24 January 2008
This is me with Natalie Pike, taken in the studios at Imagine FM in Stockport, where I hosted the breakfast show. It dates back to 2004.
Natalie was from Wythenshawe and was at university locally when I received a letter from her, asking for assistance in her quest to become FHM's High Street Honey, having been nominated by her boyfriend and made it through to the latter stages.
I hadn't read FHM for years; I was 31 by this time and had grown out of it. But I did know about the High Street Honey competition from my time with the radio wing of FHM's parent company, Emap. The radio stations were constantly encouraged to cross-promote through their DJs and so many a jock would start personality links with "just been reading in the new Q magazine..." and the like. Heat, an abomination of a publication, got a lot of this cross-promotion. They repaid the compliment by making an ad for broadcast on our stations which promoted an interview with Zoe Ball - at the time she was hosting Radio 1's breakfast show; the ads even referred to this. Programme Directors within Emap were hopping mad and the ad was pulled quickly.
Anyway, despite my lack of knowledge of FHM's current campaigns, I invited Natalie and her fella (I feel awful, but his name entirely escapes me; he looked like an unbearded Badly Drawn Boy and was a dead nice chap) on to the programme and began our own mini-campaign to get the listenership to vote online for her in the final. She impressed me a lot - not just physically, but she was engaging and droll and articulate and seemed to be having real fun in her campaign to win the contest.
During the weeks of voting that followed, she had acquired enough local kudos to secure an invitation to the Manchester City players' Christmas party. As she was a City season ticket holder (this is allowed when you live in Wythenshawe) she accepted the invitation. It was the occasion when Joey Barton had that mis-coordination involving a cigar, a team-mate's eye and a spot of red mist. Natalie duly came into Imagine the next morning to explain what she'd seen, giving us an exclusive for our news team which nobody else could get. She also told us she had been pursued by Shaun Wright Phillips all night - whom she politely told to go away. Good lass. All this was good radio for us, and good preparation for her as the final approached...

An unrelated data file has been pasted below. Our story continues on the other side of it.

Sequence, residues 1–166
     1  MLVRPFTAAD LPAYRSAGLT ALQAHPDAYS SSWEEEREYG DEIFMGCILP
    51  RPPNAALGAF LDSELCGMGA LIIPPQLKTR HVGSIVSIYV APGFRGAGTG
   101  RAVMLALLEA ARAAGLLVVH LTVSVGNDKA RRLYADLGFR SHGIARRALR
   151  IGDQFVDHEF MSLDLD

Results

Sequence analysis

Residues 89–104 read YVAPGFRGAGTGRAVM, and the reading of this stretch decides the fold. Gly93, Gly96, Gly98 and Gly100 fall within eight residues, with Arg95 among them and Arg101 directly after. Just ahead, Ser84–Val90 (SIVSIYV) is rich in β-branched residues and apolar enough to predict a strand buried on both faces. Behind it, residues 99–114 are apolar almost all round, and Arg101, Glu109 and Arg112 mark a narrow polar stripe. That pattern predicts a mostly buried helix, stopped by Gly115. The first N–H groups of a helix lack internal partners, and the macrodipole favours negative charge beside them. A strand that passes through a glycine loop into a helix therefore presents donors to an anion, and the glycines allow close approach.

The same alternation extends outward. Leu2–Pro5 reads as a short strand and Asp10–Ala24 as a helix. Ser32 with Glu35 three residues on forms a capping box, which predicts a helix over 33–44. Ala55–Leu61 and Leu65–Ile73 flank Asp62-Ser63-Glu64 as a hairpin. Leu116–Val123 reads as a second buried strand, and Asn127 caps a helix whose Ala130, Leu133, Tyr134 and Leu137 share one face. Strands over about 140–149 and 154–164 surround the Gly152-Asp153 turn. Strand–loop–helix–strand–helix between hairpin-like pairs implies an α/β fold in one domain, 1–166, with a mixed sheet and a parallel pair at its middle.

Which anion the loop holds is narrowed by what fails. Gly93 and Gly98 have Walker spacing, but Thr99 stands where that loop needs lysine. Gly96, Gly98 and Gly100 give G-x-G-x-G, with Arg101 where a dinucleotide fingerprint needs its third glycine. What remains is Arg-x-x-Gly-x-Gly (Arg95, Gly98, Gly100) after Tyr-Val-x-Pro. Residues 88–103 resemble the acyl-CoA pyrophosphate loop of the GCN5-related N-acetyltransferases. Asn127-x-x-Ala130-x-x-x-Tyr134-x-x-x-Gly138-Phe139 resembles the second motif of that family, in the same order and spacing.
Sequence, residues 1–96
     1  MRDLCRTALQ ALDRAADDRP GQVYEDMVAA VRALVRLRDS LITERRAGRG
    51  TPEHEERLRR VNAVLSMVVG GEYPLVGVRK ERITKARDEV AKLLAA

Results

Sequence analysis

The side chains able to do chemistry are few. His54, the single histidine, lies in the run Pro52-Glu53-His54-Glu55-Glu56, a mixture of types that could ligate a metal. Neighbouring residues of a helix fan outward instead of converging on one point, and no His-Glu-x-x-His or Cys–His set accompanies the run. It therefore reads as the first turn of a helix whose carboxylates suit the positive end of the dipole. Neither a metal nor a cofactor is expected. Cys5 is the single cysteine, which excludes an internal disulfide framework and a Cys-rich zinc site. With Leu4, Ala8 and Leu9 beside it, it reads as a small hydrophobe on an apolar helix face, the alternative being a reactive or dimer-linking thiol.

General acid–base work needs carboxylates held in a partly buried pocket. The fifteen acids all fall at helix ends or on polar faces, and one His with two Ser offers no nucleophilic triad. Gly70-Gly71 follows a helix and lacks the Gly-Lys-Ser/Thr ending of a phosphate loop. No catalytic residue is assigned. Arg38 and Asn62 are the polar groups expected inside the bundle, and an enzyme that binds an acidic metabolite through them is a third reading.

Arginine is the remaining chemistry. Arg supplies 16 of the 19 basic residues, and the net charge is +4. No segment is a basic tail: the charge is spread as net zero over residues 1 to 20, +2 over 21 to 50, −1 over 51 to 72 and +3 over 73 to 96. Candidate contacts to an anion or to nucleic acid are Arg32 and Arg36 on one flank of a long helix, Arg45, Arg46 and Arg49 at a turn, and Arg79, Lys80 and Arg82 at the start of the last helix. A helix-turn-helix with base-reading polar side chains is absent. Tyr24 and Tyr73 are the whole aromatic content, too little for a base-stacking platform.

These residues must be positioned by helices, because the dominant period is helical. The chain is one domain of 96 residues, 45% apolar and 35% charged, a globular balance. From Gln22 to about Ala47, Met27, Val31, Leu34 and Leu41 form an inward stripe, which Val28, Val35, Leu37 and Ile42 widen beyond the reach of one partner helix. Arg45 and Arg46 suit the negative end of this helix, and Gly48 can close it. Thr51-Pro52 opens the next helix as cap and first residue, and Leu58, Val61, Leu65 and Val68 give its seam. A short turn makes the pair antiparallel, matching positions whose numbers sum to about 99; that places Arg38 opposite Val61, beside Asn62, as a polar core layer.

She won by a mile. An absolute mile. I can't say how effective our campaign was, but I'm damned sure it helped. And, reverting to red-blooded male type for a moment, I scanned the physical wares of the other candidates and saw nothing which should faze her.
I didn't live locally and occasionally stayed on a contra deal at a hotel up the road from the studios when a long day's work had made the trip back to Hull counter-productive. On the night of the final, I was dead to the world in my room when my text alert beeped and roused me. It was Natalie. All she said on her text was "I won! I won! I won! Thankyou, thankyou, thankyou!". As soon as the result was announced, a camera crew started following her for a week, and two days later it was in my studio, filming the two of us, plus proud boyfriend, as she kept a promise to give me the first full interview (after that of FHM themselves) if she proved victorious.
My abiding memory after that was our attempts to organise an FHM signing session at the local WH Smith store with Natalie, which she was up for, but the alpha female in our sales department who was incapable of liking anyone who challenged her self-appointed position as Most Beautiful Woman Alive was so snooty and horrid about the idea that Natalie decided to pull out altogether. She kept us informed of her activities for a while, and the product of the camera crew's efforts was shown on Bravo a few weeks later. The bloke who fired me from Emap - see one of the quotes on the left - emailed me after the programme was aired to say he'd seen it; it was the first time I'd had any communication with him since the day I'd left his employ four years earlier.
I left Imagine FM within another six months or so. The last time I saw Natalie, she was a hostess on the revived The Price Is Right. When I knew her, she was bright and resourceful, as well as easy on the eye, and I genuinely hope she's doing really well today. Her bloke was dead proud of her ("it's all his fault") and the thing that struck me most was how she was so disdainful of lazy hacks who assumed that now she had a soupcon of semi-fame, she would dump him and go for some tossy footballer or F-list pop pleb. I don't know what either of them are doing today, a little more than three years on, but I hope they're doing it together.